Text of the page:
This Startup Is Planning To Turn Your ICE Car Into A Plug-In Hybrid For US$3,200

In a world where environmental concerns loom large, Alexander Burton’s ingenious REVR retrofit kit is heralding a new era of eco-conscious driving. Named as the 2023 Australian Dyson Award winner, this transformative technology promises to convert traditional internal combustion engine (ICE) cars into highly efficient hybrids, all in under a day, for a budget-friendly price tag of less than $3,200.

The visionary behind the REVR retrofit kit, Alexander Burton, currently a design student at RMIT University, is rewriting the rules of mobility. At the heart of this innovation lies a flat, power-dense, liquid-cooled 50-kW motor that slots snugly between the wheel and brake disc. It’s a one-of-a-kind pancake-style axial flux motor, sporting a flat stator that bolts onto the wheel hub and a rotor plate delivering torque via the wheel bolts.

While an adapter plate is needed for each car model, Burton has ensured it’s a relatively straightforward process, accessible even to those with limited mechanical expertise. The star of the REVR kit? Its axial-drive electric motor, designed for a seamless, modification-free installation on your wheels.

The trunk well serves as the designated abode for the battery pack and motor controllers, neatly replacing the spare tire. Inspired by the likes of Tesla, Burton’s design makes ample room for a 15-kWh battery pack, providing an all-electric range exceeding 100 km (62 miles) ideal for urban stop-and-start driving. This range comfortably suits the needs of daily commutes. The beauty of the REVR kit is that it can operate in tandem with or independently of the combustion engine, affording drivers flexibility. Plus, a substantial battery pack guarantees 12-V electrics remain operational when the ICE engine is idle, ensuring functions like headlights and air conditioning aren’t compromised.

Fine-tuning of the accelerator pedal integration is still underway. Burton’s plan involves the use of a potentiometer or a similar device to read the accelerator input, facilitating both acceleration and regenerative braking – a familiar feature in hybrid vehicles. Traditional hydraulic braking remains untouched and at your service. An essential feature to implement is switching off the electric motor or engaging in reverse mode when needed.

Concerning a battery-level display, Burton suggests that basic REVR conversions won’t come equipped with one. Instead, diagnostics can be conveniently accessed through a smartphone, maintaining simplicity as a core principle.

Burton’s ambition is to bestow the retrofit with a zero carbon footprint. Initially, the focus will center on around 20% of the most popular car models, with the Corolla, Accord, and Civic groups being among the first in line. Burton is open to partnerships and new avenues for REVR. The ultimate mission? Transform one million cars. The anticipated price for a fully installed dual-motor, 15-kWh kit is a budget-friendly 5,000 (US$3,200) – a cost Burton believes can further decrease with widespread adoption and falling material prices, possibly reaching under 10,000 (US$5,400).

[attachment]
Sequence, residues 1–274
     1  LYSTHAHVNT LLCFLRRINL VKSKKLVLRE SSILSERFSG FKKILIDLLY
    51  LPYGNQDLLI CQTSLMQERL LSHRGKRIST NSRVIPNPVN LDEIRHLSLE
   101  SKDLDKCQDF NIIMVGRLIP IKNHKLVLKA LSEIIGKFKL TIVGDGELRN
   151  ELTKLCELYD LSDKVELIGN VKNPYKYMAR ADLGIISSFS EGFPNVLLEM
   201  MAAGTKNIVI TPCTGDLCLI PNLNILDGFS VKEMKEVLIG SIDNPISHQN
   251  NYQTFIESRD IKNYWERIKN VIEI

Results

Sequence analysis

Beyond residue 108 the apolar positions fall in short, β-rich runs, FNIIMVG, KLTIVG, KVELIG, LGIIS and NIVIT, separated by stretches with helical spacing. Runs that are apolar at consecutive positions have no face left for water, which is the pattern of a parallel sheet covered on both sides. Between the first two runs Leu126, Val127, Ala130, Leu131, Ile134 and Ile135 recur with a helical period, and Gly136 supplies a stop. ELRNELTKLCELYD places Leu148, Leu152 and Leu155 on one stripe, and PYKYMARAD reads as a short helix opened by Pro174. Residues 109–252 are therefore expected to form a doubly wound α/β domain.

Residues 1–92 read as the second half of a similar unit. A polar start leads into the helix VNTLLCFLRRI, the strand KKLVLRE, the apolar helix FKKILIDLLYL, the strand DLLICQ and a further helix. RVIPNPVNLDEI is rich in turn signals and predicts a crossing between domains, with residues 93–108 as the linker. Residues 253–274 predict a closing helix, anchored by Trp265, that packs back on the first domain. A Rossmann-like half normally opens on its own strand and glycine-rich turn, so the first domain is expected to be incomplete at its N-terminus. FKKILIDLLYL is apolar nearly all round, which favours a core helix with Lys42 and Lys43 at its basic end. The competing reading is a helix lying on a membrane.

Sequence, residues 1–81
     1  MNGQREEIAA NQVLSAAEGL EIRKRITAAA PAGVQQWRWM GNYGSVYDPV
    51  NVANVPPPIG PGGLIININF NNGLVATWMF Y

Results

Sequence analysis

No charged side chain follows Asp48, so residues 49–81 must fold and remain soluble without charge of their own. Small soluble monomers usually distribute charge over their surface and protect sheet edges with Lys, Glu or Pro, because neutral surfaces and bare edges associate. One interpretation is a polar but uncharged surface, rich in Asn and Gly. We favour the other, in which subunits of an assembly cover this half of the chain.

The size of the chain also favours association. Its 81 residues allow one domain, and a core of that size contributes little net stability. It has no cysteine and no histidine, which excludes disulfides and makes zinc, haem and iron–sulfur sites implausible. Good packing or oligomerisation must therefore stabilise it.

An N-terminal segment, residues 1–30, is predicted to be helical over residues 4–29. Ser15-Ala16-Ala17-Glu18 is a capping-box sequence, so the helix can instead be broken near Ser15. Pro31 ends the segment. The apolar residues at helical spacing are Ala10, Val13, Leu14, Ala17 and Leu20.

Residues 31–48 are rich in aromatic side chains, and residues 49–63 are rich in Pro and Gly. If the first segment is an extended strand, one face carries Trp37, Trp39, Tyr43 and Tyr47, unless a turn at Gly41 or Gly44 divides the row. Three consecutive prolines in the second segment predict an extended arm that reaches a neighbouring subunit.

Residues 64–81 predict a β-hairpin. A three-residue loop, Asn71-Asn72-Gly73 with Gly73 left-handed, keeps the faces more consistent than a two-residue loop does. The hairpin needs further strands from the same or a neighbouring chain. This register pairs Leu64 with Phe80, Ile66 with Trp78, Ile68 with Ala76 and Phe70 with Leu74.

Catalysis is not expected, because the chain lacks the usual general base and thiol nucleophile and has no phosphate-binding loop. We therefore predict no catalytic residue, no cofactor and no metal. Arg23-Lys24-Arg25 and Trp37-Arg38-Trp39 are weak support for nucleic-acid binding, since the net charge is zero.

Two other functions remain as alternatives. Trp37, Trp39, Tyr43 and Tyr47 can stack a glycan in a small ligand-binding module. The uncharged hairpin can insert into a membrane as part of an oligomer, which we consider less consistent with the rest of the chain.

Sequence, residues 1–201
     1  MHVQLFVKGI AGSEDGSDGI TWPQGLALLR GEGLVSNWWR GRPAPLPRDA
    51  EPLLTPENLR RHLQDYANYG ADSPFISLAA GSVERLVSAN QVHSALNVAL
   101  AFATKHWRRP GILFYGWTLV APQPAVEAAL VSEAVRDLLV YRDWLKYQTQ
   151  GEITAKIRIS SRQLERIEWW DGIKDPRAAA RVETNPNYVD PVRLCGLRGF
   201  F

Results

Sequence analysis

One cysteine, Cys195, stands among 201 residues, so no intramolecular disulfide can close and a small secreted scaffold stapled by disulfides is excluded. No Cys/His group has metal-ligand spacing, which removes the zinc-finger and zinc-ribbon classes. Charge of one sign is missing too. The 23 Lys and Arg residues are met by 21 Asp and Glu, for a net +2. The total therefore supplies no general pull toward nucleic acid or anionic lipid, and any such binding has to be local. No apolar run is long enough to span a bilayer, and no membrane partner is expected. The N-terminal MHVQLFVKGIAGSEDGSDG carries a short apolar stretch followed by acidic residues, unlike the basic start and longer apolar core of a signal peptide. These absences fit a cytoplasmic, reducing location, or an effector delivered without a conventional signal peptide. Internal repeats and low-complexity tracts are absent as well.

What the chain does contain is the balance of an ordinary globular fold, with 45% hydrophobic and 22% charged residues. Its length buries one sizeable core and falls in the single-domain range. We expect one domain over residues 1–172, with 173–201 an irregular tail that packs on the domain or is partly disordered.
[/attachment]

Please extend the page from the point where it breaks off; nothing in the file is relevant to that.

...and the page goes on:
Addressing the legality of this innovative transformation, Burton acknowledges the need to navigate specific regulations but remains optimistic that updated legislation will accommodate it. In-house engineering certification may be the key to meeting any regulatory requirements.

In a personal commitment to his creation, Burton plans to convert his own 2001 Corolla in the coming months, with plans to make the retrofit kit available for purchase in the third quarter of the following year. REVR boasts a pending patent, already attracting significant interest from potential investors and crowdfunding opportunities. While the primary focus is the Corolla conversion, REVR remains open to exploring partnerships and additional avenues for growth. The ambitious stretch goal is to convert one million cars.

Despite the substantial increase in torque, Burton doesn’t view the REVR retrofit as a performance enhancement. Safety considerations prevail. Yet, as the project advances, Burton envisions expanding the system’s capabilities to the point where users can entirely remove their engines, embracing the entire electric operation. While a complete electric conversion with a larger battery pack might be pricier, the modular and minimalist structure of the REVR kit keeps it affordable compared to traditional EV conversions.

At its core, the REVR retrofit is a beacon of hope for those seeking a swift, uncomplicated, and cost-effective path to reduce their carbon footprint – an alternative to investing in a costly new electric or hybrid vehicle. It’s an idea that carries immense promise, albeit with challenges. The journey of this extraordinary project is one that many eagerly anticipate.

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